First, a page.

All laboratory tests will be performed with the subject standing at the centre of a large (2 × 2 m) computer-controlled motor-driven motion platform [17, 74]. The waist-pull system is mounted on the motion platform, thereby allowing the type of perturbation to be varied unpredictably during testing (Figure 4). Waist-pull perturbations will be applied by dropping a weight (20% of body weight), attached to a belt worn around the pelvis via a custom-built cable and pulley system. Four cables are attached to the belt to allow perturbations to be delivered unpredictably forward, backward, left or right. The weight is dropped 40 cm for stepping trials and 30 cm for grasping trials. For the support-surface translations, we will use a displacement, velocity and acceleration of 0.18 m, 0.6 m/s and 2.0 m/s2, respectively, for forward translations (which evoke backward falling motion), and 0.27 m, 1.0 m/s and 3.0 m/s2 for the other translation directions (backward, left, right). We know, from pilot tests and previous studies [2224], that the selected waist-pull and surface-translation parameters are tolerated by older adults and will consistently evoke stepping or grasping reactions.

Figure 4
figure 4

Experimental set-up for testing of stepping and grasping reactions. Schematic drawing showing the experimental set-up for the balance testing (performed at baseline and after the six weeks of training). The platform is semi-enclosed, with walls to the front and sides of the subject; for illustration purposes, the left wall has been rendered semi-transparent. The motion platform is controlled by a motor (located underneath the surface) to move unpredictably in one of the four directions shown. The cable-pull system also delivers unpredictable perturbations in these four directions. Four cables are attached to the belt at the waist, and are routed via a system of pulleys to a weight-drop apparatus that is located behind the front wall of the platform (out of the view of the subject). Prior to each trial, the experimenter manually connects one of the four cables to the weight. An electromagnet is then used to initiate the weight drop. When the weight is dropped, the subject is pulled unpredictably in one of the four directions, depending on which cable is attached to the weight. Prior to perturbation onset, an equivalent amount of slack (~2–4 cm) in each cable is maintained via a locking mechanism; hence, subjects are free to sway to an equal extent in any direction and cannot detect which cable is attached to the weight. During the testing of grasping reactions, a handrail (not shown) is mounted to the right of the subject (25% of body height from midline; height of rail = 55% of body height) and foam blocks (40cm high) are placed around the feet to deter stepping (similar to Figure 2B).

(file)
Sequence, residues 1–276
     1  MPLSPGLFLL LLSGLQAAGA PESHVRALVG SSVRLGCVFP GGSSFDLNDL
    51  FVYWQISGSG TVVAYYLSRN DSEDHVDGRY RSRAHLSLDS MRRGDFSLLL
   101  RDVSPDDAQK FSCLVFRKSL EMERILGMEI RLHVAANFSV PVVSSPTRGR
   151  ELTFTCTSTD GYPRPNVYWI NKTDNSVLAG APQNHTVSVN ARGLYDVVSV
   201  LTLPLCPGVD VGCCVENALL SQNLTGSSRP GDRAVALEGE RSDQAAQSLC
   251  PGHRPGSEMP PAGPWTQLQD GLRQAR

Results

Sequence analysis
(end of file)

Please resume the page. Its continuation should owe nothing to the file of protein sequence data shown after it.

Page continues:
Perturbation direction and type (i.e. waist pull or surface translation) will be varied in an unpredictable pseudo-random sequence so as to prevent subjects from pre-planning their response. An initial set of 12 familiarisation trials will be completed at the start of each laboratory session in order to dampen within-session habituation effects [47]. Following this, three blocks of perturbation trials will be completed: 1) compensatory stepping during stance, 2) compensatory stepping while walking in-place, and 3) compensatory grasping during stance. Table 3 details the task conditions and numbers of trials completed in each trial block.